by Samuel Johnson
From The Idler, #44
Memory is, among the faculties of the human mind, that of which we make the most frequent use, or rather that of which the agency is incessant, or perpetual. Memory is the primary and fundamental power, without which there could be no other intellectual operation. Judgment and ratiocination suppose something already known, and draw their decisions only from experience. Imagination selects ideas from the treasures of remembrance, and produces novelty only by varied combinations. We do not even form conjectures of distant, or anticipations of future events, but by concluding what is possible from what is past.
The two offices of memory are collection and distribution; by one images are accumulated, and by the other produced for use. Collection is always the employment of our first years; and distribution commonly that of our advanced age.
To collect and reposite the various forms of things, is far the most pleasing part of mental occupation. We are naturally delighted with novelty, and there is a time when all that we see is new. When first we enter into the world, whithersoever we turn our eyes, they meet knowledge with pleasure at her side; every diversity of nature pours ideas in upon the soul; neither search nor labour are necessary; we have nothing more to do than to open our eyes, and curiosity is gratified.
Much of the pleasure which the first survey of the world affords, is exhausted before we are conscious of our own felicity, or able to compare our condition with some other possible state. We have, therefore, few traces of the joy of our earliest discoveries; yet we all remember a time, when nature had so many untasted gratifications, that every excursion gave delight which, can now be found no longer, when the noise of a torrent, the rustle of a wood, the song of birds, or the play of lambs, had power to fill the attention, and suspend all perception of the course of time.
But these easy pleasures are soon at an end; we have seen in a very little time so much, that we call out for new objects of observation, and endeavour to find variety in books and life. But study is laborious, and not always satisfactory; and conversation has its pains as well pleasures; we are willing to learn, but not willing to be taught; we are pained by ignorance, but pained yet more by another’s knowledge.
From the vexation of pupilage men commonly set themselves free about the middle of life, by shutting up the avenues of intelligence, and resolving to rest in their present state; and they, whose ardour of inquiry continues longer, find themselves insensibly forsaken by their instructors. As every man advances in life, the proportion between those that are younger and that are older than himself is continually changing; and he that has lived half a century finds few that do not require from him that information which he once expected from those that went before him.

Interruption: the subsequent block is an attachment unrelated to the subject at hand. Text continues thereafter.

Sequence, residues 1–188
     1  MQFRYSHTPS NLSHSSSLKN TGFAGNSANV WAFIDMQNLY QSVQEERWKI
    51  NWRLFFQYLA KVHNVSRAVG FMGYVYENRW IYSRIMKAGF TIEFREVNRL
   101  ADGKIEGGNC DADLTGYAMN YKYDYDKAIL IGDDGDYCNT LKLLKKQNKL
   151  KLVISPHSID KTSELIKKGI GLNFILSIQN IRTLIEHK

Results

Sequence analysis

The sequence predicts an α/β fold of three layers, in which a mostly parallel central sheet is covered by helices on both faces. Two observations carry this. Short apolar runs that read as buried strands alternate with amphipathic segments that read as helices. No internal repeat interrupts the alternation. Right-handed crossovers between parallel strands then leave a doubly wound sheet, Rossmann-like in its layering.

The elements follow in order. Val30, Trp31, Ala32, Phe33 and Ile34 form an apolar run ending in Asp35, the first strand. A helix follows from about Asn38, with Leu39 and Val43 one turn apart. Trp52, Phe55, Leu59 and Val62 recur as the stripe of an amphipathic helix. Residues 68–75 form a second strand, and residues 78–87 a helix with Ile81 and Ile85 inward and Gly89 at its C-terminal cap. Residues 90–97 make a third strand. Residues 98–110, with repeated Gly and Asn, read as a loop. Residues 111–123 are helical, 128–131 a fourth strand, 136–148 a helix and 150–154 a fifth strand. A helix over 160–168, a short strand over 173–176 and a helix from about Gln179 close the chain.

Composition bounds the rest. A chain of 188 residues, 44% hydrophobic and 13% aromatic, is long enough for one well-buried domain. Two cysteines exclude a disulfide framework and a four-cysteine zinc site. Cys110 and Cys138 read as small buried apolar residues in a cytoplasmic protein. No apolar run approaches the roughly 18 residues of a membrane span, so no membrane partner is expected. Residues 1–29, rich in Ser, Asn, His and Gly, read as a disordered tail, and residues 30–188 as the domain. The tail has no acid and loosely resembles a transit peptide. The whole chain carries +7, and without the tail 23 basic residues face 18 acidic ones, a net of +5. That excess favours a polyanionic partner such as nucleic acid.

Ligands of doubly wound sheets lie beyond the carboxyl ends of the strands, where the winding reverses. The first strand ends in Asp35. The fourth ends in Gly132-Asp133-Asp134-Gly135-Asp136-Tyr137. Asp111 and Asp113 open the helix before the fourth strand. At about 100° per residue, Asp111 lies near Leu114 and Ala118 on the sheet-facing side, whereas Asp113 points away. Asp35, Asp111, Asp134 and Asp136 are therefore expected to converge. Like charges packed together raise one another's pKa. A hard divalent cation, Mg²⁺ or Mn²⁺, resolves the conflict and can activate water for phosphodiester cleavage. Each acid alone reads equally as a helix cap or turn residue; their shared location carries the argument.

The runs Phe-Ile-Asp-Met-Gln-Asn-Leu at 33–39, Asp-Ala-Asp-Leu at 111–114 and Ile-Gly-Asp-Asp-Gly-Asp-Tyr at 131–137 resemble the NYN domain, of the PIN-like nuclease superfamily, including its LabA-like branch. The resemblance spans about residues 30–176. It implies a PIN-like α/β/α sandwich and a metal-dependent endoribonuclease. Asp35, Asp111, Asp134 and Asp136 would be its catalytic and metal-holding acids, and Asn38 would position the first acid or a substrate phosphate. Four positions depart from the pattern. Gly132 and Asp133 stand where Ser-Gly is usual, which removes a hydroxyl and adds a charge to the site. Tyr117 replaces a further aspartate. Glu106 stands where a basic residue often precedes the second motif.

Then it is, that the magazines of memory are opened, and the stores of accumulated knowledge are displayed by vanity or benevolence, or in honest commerce of mutual interest. Every man wants others, and is, therefore, glad when he is wanted by them. And as few men will endure the labour of intense meditation without necessity, he that has learned enough for his profit or his honour, seldom endeavours after further acquisitions.
The pleasure of recollecting speculative notions would not be much less than that of gaining them, if they could be kept pure and unmingled with the passages of life; but such is the necessary concatenation of our thoughts, that good and evil are linked together, and no pleasure recurs but associated with pain. Every revived idea reminds us of a time when something was enjoyed that is now lost, when some hope was not yet blasted, when some purpose had yet not languished into sluggishness or indifference.
Whether it be, that life has more vexations than comforts, or, what is in the event just the same, that evil makes deeper impression than good, it is certain that few can review the time past without heaviness of heart. He remembers many calamities incurred by folly, many opportunities lost by negligence. The shades of the dead rise up before him; and he laments the companions of his youth, the partners of his amusements, the assistants of his labours, whom the hand of death has snatched away.
When an offer was made to Themistocles of teaching him the art of memory, he answered, that he would rather wish for the art of forgetfulness. He felt his imagination haunted by phantoms of misery which he was unable to suppress, and would gladly have calmed his thoughts with some oblivious antidote. In this we all resemble one another; the hero and the sage are, like vulgar mortals, overburdened by the weight of life; all shrink from recollection, and all wish for an art of forgetfulness.